Nahdi plans e-pharmacists service as it prepares for IPO

Nahdi plans e-pharmacists service as it prepares for IPO

RIYADH (Agencies): Nahdi Medical Co., Saudi Arabia’s largest pharmacy group, is planning to extend its services into a full range of primary care offerings, including giving access to pharmacists online as the company prepares to list on the Saudi bourse.
Nahdi, which has around 1,150 stores throughout the Kingdom, recently launched an e-pharmacist service, which allows its customers to speak with a pharmacist through its app.
“We are the closest to people,” CEO Yasser Joharji said in an interview with Arab News. “We understand them. We have the digital capability. So, we want to establish a primary healthcare ecosystem, empowered by technology and data to provide our guests with the service they need where they are, at any time they want.”
He describes the approach as “omni-health,” a reflection of its ambition to provide its services via any channel its customers demand.
“We don’t separate the different parts of our business,” said Joharji, referring to its bricks and mortar and online offerings. “For you as a patient, they’re all one and the same.”
Saudi Arabia’s Capital Market Authority, known as CMA, approved the share offering of Nahdi Medical on December 29, giving it 6 months to go to market.
Jeddah-based Nahdi will offer as many as 39 million shares – a 30-percent stake – in an initial public offering.
Nahdi was founded by Abdullah Amer Al Nahdi in 1986 and is 50 percent owned by Jeddah-based Islamic investment firm Sedco Holding, according to information on its website.
The company’s value is not discolsed and it’s yet to be known once it goes public.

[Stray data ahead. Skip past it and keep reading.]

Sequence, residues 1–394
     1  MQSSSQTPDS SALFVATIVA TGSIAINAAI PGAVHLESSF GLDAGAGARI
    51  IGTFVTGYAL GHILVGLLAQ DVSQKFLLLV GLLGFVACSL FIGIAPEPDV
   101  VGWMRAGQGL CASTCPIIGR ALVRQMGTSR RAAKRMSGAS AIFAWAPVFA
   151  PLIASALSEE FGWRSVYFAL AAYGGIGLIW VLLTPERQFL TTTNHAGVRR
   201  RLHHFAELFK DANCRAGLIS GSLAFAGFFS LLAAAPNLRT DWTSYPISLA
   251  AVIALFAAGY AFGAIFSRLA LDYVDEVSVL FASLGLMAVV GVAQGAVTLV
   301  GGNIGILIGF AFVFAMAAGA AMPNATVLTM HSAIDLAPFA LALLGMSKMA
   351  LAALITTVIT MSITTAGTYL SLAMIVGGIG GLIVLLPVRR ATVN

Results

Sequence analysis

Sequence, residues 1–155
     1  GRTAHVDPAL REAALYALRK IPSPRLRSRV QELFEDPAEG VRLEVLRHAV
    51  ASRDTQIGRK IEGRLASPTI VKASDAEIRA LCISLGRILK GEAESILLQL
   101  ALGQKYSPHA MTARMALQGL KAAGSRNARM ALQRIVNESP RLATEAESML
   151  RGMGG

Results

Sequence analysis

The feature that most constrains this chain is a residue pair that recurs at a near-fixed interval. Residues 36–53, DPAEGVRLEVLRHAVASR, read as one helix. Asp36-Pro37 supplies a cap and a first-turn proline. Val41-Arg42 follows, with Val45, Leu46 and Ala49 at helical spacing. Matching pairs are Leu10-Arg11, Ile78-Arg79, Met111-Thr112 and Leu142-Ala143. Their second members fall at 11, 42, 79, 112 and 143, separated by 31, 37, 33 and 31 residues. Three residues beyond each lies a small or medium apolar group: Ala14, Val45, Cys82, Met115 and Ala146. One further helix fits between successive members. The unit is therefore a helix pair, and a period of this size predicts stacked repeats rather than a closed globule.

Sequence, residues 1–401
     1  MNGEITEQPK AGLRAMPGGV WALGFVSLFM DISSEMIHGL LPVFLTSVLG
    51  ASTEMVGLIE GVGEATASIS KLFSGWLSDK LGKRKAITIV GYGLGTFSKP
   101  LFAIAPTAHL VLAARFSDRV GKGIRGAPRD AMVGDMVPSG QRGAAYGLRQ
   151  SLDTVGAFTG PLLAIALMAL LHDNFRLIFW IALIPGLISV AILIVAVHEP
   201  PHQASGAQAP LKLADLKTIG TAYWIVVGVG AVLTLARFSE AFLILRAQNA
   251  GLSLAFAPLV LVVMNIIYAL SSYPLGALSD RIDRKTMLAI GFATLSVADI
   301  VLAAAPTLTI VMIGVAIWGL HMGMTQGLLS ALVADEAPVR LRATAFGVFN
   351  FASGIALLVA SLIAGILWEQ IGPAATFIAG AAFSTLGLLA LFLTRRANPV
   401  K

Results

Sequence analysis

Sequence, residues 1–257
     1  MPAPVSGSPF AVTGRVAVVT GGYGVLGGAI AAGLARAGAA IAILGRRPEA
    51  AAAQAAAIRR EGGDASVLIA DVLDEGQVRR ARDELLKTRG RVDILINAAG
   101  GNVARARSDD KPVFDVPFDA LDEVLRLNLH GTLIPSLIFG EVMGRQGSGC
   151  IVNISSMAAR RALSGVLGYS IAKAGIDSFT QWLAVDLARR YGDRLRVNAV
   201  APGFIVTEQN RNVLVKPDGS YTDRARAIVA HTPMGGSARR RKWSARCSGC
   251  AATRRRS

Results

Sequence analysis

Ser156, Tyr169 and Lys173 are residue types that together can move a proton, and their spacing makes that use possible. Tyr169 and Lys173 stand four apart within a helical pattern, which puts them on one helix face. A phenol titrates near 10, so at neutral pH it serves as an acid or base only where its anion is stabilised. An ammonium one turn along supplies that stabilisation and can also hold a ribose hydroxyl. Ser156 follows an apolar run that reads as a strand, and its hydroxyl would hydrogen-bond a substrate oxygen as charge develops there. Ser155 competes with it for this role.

Its pharmacy network stretches across 145 cities and villages across the Kingdom, and it recently expanded into the UAE.
“This will be a very important market for us, said Yasser when referring to the UAE. Other markets will be considered “when the time comes”, he said.
“We are relentlessly searching around the world to bring the latest in technology, products, health and wellness services,” said Joharji. “We have evolved from a simple pharmacy into an integrated, omnichannel, multi-touchpoint business. You can get your service through your pharmacy next door to you but you can equally get our service through our application and our product can be delivered to your doorstep.”
Meanwhile, Saudi Arabia’s digital security firm Elm Co. plans to collect up to SR2.98 billion ($816 million) from its initial public offering, according to a bourse statement.
The Riyadh-based company, which is fully owned by the Public Investment Fund, has set its final offer price per share at SR128 ($34), the top end of the proposed range. This followed the completion of the book-building process by Riyad Capital, the financial advisor of the offer.
For retail investors, the subscription period is scheduled for Feb. 3 and will run until Feb. 6, with 7.2 million shares offered.
It plans to float 24 million shares or 30 percent of the company’s SR800 million capital on the Saudi exchange Tadawul.
Elm provides secure e-business services and information technology solutions to private and public sector businesses in the Kingdom.

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